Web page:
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.Otherwheres Finds Artificial Inspiration for Fifth Edition

The fifth edition of the literary and art magazine gets released Friday.

When Joseph Bien-Kahn was a college student, he received a creative writing assignment that has stuck with him years later. His teacher handed out a few opening lines to novels and asked the students to pick one as their own opening line to a short story.

“He told us the first line was always the hardest,” Bien-Kahn said. “What was fascinating most of all was all the stories were different. They all went in completely different directions.”

Bien-Kahn applied that lesson to his literary and art magazine’s newest issue, Otherwheres V: Artificial Inspiration — with an appropriately Bay Area twist. Web editor Aaron Strick found an open source sentence-building tool, so the pair put all of the poetry, first-person stories, and other writing from the first four Otherwheres editions into a database, and the algorithm spit out “an absolutely amazing, bizarre, magical collection of sentences,” Bien-Kahn said. A few examples: “I think you grow stale and I am a backpack,” “His face loosely stitched over his huge plantation homes,” and “But something had raspberry bushes in my tongue.”

The magazine team — editor Bien-Kahn, co-founder Aaron Kingon, web editor Strick, and design editor Toby Silverman — picked two sentences (“The Sisters are Dubious” and “You have found a thousand year passed by the ceremony”) and found six writers to pen a short story using them as the opening line. They also gave six photographers different robo-excerpts to use as captions for an image.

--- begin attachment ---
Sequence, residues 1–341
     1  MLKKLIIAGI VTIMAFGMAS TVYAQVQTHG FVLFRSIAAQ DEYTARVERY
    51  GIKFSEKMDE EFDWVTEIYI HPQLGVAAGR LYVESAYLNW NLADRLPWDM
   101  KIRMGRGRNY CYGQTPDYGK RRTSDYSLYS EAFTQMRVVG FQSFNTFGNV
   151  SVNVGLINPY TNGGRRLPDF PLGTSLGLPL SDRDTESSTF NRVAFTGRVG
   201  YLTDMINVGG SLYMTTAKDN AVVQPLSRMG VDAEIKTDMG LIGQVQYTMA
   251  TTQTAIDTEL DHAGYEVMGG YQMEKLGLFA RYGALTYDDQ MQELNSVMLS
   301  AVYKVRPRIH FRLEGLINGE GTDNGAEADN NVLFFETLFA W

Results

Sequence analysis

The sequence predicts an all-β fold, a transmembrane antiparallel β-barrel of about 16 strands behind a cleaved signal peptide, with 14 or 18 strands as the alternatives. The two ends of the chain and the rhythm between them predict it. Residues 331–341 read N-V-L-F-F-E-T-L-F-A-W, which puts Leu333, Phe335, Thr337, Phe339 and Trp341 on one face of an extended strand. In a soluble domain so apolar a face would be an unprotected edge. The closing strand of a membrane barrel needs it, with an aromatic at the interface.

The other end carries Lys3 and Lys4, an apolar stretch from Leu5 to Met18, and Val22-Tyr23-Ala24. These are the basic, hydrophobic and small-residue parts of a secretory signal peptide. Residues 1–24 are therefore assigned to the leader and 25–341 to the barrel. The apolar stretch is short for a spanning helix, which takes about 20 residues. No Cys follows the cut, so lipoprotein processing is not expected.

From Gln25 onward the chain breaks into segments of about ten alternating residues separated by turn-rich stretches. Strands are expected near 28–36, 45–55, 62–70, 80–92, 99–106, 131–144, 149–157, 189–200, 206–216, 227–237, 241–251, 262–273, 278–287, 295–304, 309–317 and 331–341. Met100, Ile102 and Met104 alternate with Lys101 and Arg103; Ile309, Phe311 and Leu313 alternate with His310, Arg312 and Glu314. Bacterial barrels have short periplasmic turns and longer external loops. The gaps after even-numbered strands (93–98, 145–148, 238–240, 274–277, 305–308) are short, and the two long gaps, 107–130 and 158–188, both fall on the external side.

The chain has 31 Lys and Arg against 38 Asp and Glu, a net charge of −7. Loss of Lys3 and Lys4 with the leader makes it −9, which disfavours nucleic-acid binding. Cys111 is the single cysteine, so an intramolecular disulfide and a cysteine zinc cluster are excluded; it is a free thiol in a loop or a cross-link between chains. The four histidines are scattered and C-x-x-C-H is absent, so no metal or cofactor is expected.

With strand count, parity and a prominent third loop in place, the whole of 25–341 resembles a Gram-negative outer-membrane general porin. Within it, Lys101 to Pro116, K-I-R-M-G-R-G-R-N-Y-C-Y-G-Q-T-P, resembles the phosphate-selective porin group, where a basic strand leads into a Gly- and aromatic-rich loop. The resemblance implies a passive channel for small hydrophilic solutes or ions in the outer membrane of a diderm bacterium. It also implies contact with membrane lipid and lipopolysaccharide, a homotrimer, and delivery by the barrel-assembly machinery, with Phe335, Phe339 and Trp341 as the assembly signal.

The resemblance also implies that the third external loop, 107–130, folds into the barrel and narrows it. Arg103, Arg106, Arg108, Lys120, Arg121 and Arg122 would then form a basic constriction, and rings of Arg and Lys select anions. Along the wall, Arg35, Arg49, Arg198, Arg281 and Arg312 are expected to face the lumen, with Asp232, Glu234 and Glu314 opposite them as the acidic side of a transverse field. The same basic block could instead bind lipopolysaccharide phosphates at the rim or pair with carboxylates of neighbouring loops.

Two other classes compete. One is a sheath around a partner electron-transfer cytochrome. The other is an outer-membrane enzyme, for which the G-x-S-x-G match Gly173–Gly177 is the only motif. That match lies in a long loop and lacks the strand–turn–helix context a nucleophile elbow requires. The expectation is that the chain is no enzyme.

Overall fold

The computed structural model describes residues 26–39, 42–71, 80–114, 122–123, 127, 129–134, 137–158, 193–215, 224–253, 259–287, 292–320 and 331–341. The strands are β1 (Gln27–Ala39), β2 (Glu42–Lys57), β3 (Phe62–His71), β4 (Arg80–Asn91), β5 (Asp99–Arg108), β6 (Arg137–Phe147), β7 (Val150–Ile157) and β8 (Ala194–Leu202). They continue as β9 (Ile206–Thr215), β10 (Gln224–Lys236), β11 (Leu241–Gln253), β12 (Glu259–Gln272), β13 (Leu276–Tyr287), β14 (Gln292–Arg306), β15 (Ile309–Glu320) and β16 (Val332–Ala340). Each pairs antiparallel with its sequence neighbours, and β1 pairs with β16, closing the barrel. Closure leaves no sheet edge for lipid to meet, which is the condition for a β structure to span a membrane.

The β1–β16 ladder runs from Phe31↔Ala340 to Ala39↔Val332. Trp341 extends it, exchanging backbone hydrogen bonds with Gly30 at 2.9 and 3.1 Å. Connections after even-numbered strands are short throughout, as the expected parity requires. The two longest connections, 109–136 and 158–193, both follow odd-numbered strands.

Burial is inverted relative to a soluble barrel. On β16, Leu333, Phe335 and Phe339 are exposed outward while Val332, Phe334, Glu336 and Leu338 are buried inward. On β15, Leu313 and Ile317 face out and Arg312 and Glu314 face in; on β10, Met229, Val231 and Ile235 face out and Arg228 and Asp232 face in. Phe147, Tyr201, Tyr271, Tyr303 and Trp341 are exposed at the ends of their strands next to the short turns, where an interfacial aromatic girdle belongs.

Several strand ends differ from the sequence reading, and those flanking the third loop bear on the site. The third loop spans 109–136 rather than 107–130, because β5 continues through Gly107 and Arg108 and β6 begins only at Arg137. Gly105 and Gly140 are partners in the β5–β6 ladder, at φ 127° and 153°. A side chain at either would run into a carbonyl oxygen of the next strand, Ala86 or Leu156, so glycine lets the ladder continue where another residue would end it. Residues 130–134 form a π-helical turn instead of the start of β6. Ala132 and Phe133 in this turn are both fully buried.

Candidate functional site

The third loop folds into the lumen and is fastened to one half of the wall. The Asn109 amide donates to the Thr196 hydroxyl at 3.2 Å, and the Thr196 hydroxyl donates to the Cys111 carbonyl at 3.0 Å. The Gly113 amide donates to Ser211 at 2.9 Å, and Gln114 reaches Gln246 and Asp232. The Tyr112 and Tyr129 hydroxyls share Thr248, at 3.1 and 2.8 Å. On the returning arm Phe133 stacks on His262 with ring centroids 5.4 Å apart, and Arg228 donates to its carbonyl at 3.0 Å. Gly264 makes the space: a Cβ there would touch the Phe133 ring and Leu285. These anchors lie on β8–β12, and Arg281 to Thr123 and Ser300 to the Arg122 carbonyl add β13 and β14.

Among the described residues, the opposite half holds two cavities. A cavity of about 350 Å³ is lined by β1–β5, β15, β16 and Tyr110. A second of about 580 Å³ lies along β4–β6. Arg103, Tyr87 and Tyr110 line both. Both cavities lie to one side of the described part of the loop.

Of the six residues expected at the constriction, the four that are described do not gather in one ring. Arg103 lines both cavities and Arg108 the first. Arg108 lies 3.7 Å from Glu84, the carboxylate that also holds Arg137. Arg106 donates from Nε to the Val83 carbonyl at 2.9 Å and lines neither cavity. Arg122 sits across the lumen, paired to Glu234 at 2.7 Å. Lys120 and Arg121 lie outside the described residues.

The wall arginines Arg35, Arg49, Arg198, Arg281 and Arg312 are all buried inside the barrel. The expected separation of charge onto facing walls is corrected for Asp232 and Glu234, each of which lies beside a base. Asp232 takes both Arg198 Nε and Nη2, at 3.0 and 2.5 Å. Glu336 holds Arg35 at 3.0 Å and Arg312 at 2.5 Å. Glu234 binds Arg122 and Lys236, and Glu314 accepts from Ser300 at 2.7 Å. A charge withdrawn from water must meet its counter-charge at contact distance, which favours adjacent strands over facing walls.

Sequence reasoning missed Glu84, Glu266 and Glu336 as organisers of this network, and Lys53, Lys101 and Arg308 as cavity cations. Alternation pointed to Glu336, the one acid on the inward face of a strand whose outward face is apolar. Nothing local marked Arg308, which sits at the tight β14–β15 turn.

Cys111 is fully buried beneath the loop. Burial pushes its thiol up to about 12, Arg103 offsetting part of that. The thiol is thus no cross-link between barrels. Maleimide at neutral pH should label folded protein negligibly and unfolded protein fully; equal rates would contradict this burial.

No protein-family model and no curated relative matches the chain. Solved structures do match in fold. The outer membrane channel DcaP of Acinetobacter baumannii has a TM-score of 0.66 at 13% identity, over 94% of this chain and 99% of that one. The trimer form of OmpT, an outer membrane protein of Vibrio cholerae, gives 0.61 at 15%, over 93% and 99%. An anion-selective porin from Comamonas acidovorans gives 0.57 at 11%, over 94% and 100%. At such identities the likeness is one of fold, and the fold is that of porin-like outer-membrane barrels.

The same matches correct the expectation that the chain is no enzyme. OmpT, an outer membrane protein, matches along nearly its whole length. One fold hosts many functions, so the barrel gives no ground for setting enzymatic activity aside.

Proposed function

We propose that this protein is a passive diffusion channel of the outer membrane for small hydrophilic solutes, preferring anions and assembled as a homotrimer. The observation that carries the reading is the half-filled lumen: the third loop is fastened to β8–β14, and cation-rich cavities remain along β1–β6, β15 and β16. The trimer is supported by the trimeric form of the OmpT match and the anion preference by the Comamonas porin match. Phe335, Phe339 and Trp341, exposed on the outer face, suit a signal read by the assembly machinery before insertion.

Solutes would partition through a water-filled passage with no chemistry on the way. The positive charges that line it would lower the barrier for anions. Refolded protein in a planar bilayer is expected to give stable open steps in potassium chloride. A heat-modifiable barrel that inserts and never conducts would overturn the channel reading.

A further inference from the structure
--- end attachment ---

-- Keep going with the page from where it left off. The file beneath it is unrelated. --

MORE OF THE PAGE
Contributors include Lexi Pandell, who has written for Wired, The Atlantic, and Playboy; Megan Molteni of Wired; Nastia Voynovskaya, KQED’s music and books editor and former Express writer; and Ismail Muhammad of Zyzzyva, The Millions, and LA Review of Books. Given the theme and technology behind the issue, it makes sense that some of the pieces lean dystopian and futurist, but others remain rooted in personal stories. “They still feel lived in and have that truth to them,” Bien-Kahn said.

The hefty, beautifully designed magazines are printed at Autumn Press in Berkeley and will be for sale at the release party at 9 p.m. Friday, June 22, at Starline Social Club (2236 Martin Luther King Jr. Way, Oakland). With no cover to attend, folks can enjoy live readings followed by a dance party with Voynovskaya and Will Bundy of Wine & Bowties spinning hip-hop and R&B.

Editor’s Note: An earlier version of this story misidentified Aaron Kingon as the web editor. In fact, Aaron Strick is the web editor.


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